Supplier rip-offs: ACCC red tape cuts could save businesses thousands


ACCC deputy chair Mick Keogh. Source: Supplied.

It will be easier for small businesses and franchisees to band together against rip-off deals under a proposal from the Australian Competition and Consumer Commission (ACCC) to cut red tape out of collective bargaining.

Under the plan floated by the competition regulator on Thursday, businesses with annual turnover under $10 million and franchisees would be able to negotiate terms of trade as a group without first getting approval.

Collective bargaining is already legal, but only when the ACCC provides its tick of approval — a process which includes payment of a $1000 fee and other costs which can quickly add up to $10,000.

The reforms would go some way to addressing concern about power imbalance between small businesses and larger firms when negotiating terms of trade, specifically in the scandal-plagued franchise sector where forced use of suppliers is common.

“This proposal would make it much simpler and less costly for eligible businesses or franchisees to collectively negotiate,” ACCC deputy chair Mick Keogh said in a statement.

“The class exemption would not force anyone to join a collective bargaining group, or force a customer, supplier or franchisor to deal with the bargaining group if they did not want to.”

The move has the support of small business ombudsman Kate Carnell, as well as the NSW and Victorian small business commissioners.

“Franchisees, in particular, will see tangible benefits as they band together to bargain for better outcomes on pricing and contract terms,” Carnell said in a statement.

Concern about class exemptions have, however, been raised by landlord lobbyist the Shopping Centre Council of Australia (SCCA), which has described class exemptions as “not necessary”.

The SCCA argued last September the notification process under current competition law “already works efficiently and effectively” and while able to reduce red tape, class exemptions could exempt firms from ACCC scrutiny over non-competitive bargaining.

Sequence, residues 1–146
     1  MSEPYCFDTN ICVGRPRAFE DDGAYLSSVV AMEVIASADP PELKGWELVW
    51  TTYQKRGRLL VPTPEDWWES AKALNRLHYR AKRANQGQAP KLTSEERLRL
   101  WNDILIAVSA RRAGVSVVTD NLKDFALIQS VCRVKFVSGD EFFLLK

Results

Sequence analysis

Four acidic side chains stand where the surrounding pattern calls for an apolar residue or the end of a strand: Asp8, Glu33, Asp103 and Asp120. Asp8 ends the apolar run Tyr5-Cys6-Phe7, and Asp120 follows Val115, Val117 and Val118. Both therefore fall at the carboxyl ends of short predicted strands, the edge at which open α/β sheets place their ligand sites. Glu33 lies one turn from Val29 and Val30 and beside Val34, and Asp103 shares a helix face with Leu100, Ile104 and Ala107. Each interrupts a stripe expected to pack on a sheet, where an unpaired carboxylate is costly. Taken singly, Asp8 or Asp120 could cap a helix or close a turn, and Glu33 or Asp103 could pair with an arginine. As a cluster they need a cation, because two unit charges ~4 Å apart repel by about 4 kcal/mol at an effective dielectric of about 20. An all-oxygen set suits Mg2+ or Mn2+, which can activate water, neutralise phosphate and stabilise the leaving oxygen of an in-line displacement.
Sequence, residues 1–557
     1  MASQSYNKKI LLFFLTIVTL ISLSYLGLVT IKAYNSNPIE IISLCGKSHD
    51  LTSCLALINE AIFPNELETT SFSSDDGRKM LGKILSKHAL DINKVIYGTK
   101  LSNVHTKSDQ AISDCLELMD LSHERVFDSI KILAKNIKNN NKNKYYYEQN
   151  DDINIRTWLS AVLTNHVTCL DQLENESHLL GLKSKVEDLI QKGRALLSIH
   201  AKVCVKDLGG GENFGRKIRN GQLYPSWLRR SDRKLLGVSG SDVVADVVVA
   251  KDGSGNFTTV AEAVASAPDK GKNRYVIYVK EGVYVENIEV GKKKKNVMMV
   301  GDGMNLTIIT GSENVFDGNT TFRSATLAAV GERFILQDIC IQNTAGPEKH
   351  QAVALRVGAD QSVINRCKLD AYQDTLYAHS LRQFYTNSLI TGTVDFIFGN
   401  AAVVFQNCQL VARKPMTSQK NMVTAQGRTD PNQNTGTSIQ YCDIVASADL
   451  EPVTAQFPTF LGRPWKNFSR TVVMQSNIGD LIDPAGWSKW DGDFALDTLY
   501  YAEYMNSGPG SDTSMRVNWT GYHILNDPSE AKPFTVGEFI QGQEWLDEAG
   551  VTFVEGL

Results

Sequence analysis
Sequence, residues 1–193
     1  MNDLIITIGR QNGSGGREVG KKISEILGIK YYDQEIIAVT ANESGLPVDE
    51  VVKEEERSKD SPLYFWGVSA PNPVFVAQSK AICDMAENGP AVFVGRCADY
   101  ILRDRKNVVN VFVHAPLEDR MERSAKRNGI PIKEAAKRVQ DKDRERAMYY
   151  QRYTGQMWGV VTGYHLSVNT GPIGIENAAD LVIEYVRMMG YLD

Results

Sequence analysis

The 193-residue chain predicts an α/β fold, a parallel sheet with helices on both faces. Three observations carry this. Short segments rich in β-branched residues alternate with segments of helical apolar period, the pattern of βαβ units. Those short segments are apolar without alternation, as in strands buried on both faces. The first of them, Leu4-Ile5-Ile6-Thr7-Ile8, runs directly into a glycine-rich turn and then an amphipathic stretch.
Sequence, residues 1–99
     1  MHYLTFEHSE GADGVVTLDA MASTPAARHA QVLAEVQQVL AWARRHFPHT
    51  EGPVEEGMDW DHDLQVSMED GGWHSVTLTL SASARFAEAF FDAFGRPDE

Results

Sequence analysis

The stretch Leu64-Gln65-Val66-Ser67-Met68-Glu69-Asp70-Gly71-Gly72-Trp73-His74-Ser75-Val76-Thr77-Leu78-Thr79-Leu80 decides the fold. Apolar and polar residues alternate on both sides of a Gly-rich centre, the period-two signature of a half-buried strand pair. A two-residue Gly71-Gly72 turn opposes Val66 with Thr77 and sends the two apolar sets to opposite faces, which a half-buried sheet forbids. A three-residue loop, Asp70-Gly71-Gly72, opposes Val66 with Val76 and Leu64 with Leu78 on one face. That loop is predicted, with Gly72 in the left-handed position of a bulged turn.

The ACCC’s current proposal will still require businesses to provide the ACCC with notice of their intention to form a collective bargaining group, including details about who they’re negotiating with and what it’s about.

It would be open to businesses or independent contractors with aggregated turnover of less than $10 million in the preceding financial year, franchisees and fuel retailers.

“Rip-offs” spark calls for better bargaining

Supply arrangements in franchising have come under considerable scrutiny recently amid a broad-based Senate inquiry which recommended an overhaul of the sector earlier this year.

The practice of third-line forcing, where a franchisor makes its franchisees use products or services from a particular supplier, was singled out by the inquiry as an example of power imbalance.

Franchisors have been caught accepting rebates from suppliers they force their franchisees to use, while in other cases, franchisors have maintained a financial interest in services they force franchisees to use at prices above market rate.

Large networks such as Retail Food Group and Red Rooster owner Craveable Brands have faced allegations of uncompetitive supply terms in recent years.

A group of Red Rooster franchisees alleged in 2018 they were being “ripped off” by paying $18 for cartons of Mt Franklin water they could have bought at their local IGA for $11.

It is hoped by reducing the barriers to collective bargaining, small businesses and franchisors will increasingly be able to work together to secure more competitive terms of trade.

For independent businesses, collective bargaining can be used to negotiate with landlords and electricity retailers.

Ross Robes-Stephen, owner of Cable Beachside Villas in Western Australia, said in a submission to the ACCC the proposed exemption could assist hotel and motel owners in their negotiations with online travel agencies such as

“These businesses currently negotiate on an individual basis with multi-national companies, such as, and are therefore at a substantial disadvantage,” he said.

The changes aren’t supported by everyone though. Franchisors have raised concern about the effect on competition law.

“Some franchisors have flagged competition law concerns as a reason not to negotiate with their franchisees as a group,”  Keogh said.

It is not known whether these franchisors have similar concern with the anti-competitive implications of third-line forcing.

Consultation closes on July 3.

Correction: This article was updated at 4:45PM AEST June 14 to clarify details about the SCCA’s position, specifically that it is not necessarily opposed to the ACCC’s proposal.

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